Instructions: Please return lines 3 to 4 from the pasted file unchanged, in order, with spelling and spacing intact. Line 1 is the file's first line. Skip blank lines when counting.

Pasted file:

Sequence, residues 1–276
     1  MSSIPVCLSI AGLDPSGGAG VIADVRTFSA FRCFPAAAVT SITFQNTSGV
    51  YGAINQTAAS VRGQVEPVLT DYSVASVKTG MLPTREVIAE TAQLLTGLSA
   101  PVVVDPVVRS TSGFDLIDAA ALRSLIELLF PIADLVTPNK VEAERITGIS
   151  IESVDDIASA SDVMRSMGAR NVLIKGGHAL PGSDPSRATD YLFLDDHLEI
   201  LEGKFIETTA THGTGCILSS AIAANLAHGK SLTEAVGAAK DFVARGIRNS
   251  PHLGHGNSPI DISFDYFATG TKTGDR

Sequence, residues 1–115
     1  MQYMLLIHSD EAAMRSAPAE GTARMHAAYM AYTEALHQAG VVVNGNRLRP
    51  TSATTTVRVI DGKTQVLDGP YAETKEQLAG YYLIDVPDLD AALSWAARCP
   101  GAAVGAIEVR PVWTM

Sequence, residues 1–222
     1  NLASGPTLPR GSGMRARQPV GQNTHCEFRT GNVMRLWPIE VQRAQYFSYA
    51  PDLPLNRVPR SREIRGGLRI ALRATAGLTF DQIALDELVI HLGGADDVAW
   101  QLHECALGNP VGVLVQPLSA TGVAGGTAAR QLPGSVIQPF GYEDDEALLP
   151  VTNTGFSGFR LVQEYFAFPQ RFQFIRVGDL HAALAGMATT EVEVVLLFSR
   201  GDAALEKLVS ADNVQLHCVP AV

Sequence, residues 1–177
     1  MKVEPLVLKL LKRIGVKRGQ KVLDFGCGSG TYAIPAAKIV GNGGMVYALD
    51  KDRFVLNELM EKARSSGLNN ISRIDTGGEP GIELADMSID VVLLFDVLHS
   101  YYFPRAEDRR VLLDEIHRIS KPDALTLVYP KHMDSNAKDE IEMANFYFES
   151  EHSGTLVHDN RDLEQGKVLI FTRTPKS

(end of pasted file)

    51  YGAINQTAAS VRGQVEPVLT DYSVASVKTG MLPTREVIAE TAQLLTGLSA
   101  PVVVDPVVRS TSGFDLIDAA ALRSLIELLF PIADLVTPNK VEAERITGIS